9 december 2011

A profound contradiction at the heart of climate change policy

By Nicholas Stern, Financial Times, December 9, 2011

As the negotiations at the UN climate change summit in Durban reach the critical stage, we must not overlook a fundamental contradiction between the way global fossil fuel reserves are evaluated and long-term policy goals. By ignoring this contradiction, companies and markets, as well as governments, are undermining management of the huge risks that rising levels of greenhouse gases pose to their survival.

At Cancùn last December, countries attending the last climate change summit agreed on curbing annual greenhouse gas emissions in order to avoid global warming of more than 2 centigrade degrees from the mid-19th century, which would carry unacceptably large risks.

Scientists warn that achieving about a 50 per cent chance of meeting the 2 degree goal requires cutting global annual emissions from the current level of about 48bn tonnes a year of carbon dioxide equivalent, to about 44bn tonnes in 2020, less than 35bn tonnes in 2030 and less than 20bn tonnes in 2050.

It is cumulative emissions that are important and such paths are consistent with a total emissions budget of 1,200bn to 1,400bn tonnes between 2010 and 2050. A more stringent target, say consistent with an 80 per cent chance of meeting the 2 degree goal, would have an even smaller budget of 500-600bn tonnes.

More than two-thirds of current annual emissions of greenhouse gases are carbon dioxide produced by the burning of coal, oil and gas. But according to the Carbon Tracker Initiative , proven reserves of fossil fuels, the big majority owned by nation states, would, if burned, produce 2.8tn tonnes of carbon dioxide, about double the carbon budget for the 50-50 chance of meeting the 2 degrees target.

Of this total, the proven reserves of the world’s top 100 listed coal companies and top 100 listed oil and gas companies could produce 745bn tonnes of carbon dioxide, more than half of the entire greenhouse gas budget for the next 40 years. National oil companies, often not listed, have far bigger proven reserves. Companies probably have substantial further potential reserves, and there are billions of dollars committed to searching for more, including tar sands and shale gas.

It is hard to believe that these companies, with a combined value of $7.42tn, are banking on an imminent deployment of carbon capture and storage, which prevents carbon dioxide from being emitted from the burning of fossil fuels.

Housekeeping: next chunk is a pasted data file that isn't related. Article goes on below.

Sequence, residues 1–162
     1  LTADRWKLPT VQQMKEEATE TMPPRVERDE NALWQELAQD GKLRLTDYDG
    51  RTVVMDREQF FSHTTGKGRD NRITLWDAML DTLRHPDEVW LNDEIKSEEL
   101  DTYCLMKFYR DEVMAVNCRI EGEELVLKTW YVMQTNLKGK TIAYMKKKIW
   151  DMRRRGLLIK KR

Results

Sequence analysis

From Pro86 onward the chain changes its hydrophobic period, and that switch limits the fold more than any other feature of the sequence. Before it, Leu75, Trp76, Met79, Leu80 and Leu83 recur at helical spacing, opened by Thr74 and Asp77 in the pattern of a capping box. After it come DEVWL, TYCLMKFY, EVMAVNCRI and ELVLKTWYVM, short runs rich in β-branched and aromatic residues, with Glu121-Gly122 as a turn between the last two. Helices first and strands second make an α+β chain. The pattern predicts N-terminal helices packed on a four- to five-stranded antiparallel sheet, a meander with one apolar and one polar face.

So are they assuming countries will not meet their pledges for reducing emissions, and that we will carry on with “business as usual”? If this is the case, the resulting rise in atmospheric concentrations could eventually mean, with a substantial probability, global warming of 5 degrees or more, to temperatures not seen on Earth for more than 30m years. That would probably transform where and how people could live and lead to the migration of hundreds of millions, as well as to conflict and severe economic decline.

There is therefore a profound contradiction between declared public policy and the valuations of these listed companies, based on their fossil fuel reserves, which appear to assume that the world will not get anywhere near its targets for managing climate change.

This contradiction is important. It means that the market has either not thought hard enough about the issue or thinks that governments will not do very much – or somewhere between the two. This presents problems for markets’ assessment of risk; for governments’ credibility; and for regulators, whose approach appears to contradict their own governments’ policies.

This argument makes no prediction of where the world may go. It points to a logical contradiction between what many governments are saying and what markets appear to believe – implying severe risks both to the markets themselves and to the environments that shape lives and livelihoods across the world.

We should recognise that this kind of tension affects not only producers of fossil fuels, but also the industries that use them intensively and the fiscal position of governments holding large reserves.

Surely honesty and transparency require that this contradiction and its implied risk to the balance sheets of large companies – or to the planet, or both – be recognised and tackled.

The writer is I.G. Patel professor of economics and government and chair of the Grantham Research Institute at the LSE

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